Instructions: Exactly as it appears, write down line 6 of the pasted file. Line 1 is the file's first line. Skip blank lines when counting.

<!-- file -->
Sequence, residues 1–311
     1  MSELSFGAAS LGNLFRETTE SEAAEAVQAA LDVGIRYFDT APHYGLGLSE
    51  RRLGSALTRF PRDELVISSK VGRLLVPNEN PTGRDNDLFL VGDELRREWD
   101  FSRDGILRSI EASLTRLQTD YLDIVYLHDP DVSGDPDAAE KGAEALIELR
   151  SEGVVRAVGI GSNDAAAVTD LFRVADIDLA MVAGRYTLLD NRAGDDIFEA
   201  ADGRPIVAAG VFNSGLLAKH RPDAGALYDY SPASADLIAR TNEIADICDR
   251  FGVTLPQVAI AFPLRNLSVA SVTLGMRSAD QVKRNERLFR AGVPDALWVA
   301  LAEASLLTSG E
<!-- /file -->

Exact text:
   201  ADGRPIVAAG VFNSGLLAKH RPDAGALYDY SPASADLIAR TNEIADICDR